January 25, 2018
by Carla Johnson
When, where, why and how do people spend money?
The motivations that make up how people make decisions have become incredibly complex in the last few years. And while businesses keep gathering bigger and bigger data, customers feel brutally frustrated with how brands interact with them.
The outcome is that companies find that they’re out of step with a changing customer that’s more informed and more empowered. They don’t know how changing expectations translate into new value props, whether that’s the products and services they sell or the entire business growth. The struggle comes with understanding how to align what they do with how customers make decisions.
A KPMG Global Customer Insights report called Me, My Life, My Wallet, looks at the changing dynamics of how customers spend money throughout their lifetime. The report digs into three dimensions of how customers make decisions –
1. Influencing events.
Events of a customer’s formative years that shaped their values and influence their behaviors.
2. Five Mys.
My motivation, my attention, my connection and my trade-offs between time and money from the customer’s point of view.
3. Life stage.
Where a customer is along their life stage journey.
I found this framework particularly relevant for B2B companies wanting to better understand customers and how influencing events and their life stage impact how they make buying decisions on the job. It’s a multidimensional framework that connects with a multidimensional B2B customer.
Exercise of the Five Mys
In particular I was intrigued by the author’s focus on what drives people to make decisions from a new perspective, that of the Five Mys, which are defined as –
1. My motivation.
These are characteristics that drive behavior and expectation. Trust, authenticity and social values are critical but intangible motivators of the choices today’s consumers make weigh in heavily.
2. My attention.
Ways we direct our attention and focus, because the fight for customer attention has never been more intense, exacerbated by unprecedented volumes of content at our fingertips.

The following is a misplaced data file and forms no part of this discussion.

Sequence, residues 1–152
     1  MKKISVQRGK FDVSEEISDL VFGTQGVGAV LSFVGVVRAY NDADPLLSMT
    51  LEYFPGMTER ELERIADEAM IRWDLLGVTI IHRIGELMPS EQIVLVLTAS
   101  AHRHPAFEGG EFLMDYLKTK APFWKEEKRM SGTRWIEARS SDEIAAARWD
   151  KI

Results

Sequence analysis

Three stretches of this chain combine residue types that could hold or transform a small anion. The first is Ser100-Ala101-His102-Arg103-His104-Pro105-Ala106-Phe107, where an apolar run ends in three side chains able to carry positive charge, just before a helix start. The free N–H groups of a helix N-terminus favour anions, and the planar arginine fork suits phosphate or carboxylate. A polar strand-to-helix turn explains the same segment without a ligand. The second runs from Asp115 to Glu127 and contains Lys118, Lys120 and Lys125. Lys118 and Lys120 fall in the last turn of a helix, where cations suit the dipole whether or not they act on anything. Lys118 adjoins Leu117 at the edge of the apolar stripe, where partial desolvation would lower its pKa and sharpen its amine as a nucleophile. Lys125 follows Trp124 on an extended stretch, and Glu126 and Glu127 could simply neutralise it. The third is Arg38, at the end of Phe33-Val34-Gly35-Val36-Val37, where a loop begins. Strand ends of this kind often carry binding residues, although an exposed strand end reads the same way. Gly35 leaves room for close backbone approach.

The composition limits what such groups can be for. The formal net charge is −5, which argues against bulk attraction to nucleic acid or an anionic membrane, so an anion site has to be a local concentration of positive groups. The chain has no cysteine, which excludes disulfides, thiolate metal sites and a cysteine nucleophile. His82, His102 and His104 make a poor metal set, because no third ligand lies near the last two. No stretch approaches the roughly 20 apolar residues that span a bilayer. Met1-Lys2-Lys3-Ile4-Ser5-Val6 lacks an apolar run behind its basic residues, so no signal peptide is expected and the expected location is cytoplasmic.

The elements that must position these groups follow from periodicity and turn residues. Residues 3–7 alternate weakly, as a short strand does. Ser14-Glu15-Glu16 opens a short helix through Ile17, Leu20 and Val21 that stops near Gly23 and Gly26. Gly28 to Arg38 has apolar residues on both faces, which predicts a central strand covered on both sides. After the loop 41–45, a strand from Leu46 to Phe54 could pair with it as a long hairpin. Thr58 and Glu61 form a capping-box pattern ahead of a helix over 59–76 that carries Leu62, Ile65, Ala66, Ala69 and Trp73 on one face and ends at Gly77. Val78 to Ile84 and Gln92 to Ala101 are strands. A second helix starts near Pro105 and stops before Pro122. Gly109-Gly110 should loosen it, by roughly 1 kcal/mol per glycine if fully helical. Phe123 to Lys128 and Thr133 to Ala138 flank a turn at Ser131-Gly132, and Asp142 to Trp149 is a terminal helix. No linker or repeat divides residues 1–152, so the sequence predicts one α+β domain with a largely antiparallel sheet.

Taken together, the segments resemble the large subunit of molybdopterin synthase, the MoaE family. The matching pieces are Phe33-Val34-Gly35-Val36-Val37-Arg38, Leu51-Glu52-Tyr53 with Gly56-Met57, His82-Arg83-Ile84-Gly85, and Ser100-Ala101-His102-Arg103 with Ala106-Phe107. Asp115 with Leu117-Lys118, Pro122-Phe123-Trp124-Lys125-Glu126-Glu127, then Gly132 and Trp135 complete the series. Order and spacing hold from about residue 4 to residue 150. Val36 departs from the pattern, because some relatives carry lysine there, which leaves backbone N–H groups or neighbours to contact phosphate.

3. My connection.
How we connect to devices, information and each other matters more than ever. Our always-on mindset is driving shifts in our social interactions and behavior.
4. My watch.
How do we balance the constraints of time and how does that change across life events? The companies that understand the constraints of time and anticipate how that changes across life events are best placed to engage customers in the moments of greatest impact and to meet their needs head on.
5. My wallet.
How customers adjust their share of the wallet across life stages and pivotal life events is changing, creating a ripple effect of change across not just one, but all categories to which they allocate their money.
The Five Mys contribute to a deeper understanding of the changing customer and potential impacts on how people decide to prioritize how, when and where they spend money.
This is why they matter so dearly to B2B marketers…
Personas aren’t telling the full story
First, I’m a huge proponent of personas. But the structure of most personas don’t tell the full story of what motivates a buyer. It looks at things on-the-job like the person’s role, responsibility, what success looks like for them and what keeps them up at night. What personas fail to capture is the influence of true motivation, which are often psychological things that profiles don’t dig into. These are the intangible things that only the most sophisticated companies require in their personas. If you want information that will truly help you understand what underlying factors impact how your buyers make decisions, look at your profiles from the perspective of the Five Mys.
Your attention isn’t their attention
Brands say they struggle to get their content in front of buyers. Customers are clear that they pay attention to what’s important to them – and it’s not what matters to brands.You don’t get people’s attention by waving more content in their face. You earn it by building trust because you consistently serve up things of value.
Follow the flow
Organizations that refuse to collaborate across departments – silos – will never be able to deliver a seamless experience. Customers value a connected experience much more than brands invest in creating one. If B2B companies aren’t willing to invest in a well-thought-out experience that integrates all the parts and pieces, then customers won’t waste their time and money.
Invest where it makes sense, not where it’s easy
Companies put the cart before the horse. They’re so busy looking at the minutia of individual interactions that they miss the opportunity of the overall experience.
Tell me, what’s holding you, your team or your company back from focusing on the bigger experiences you’re delivering to customers?
Download the full report.
Photo credit: Flickr user Stanley Forthright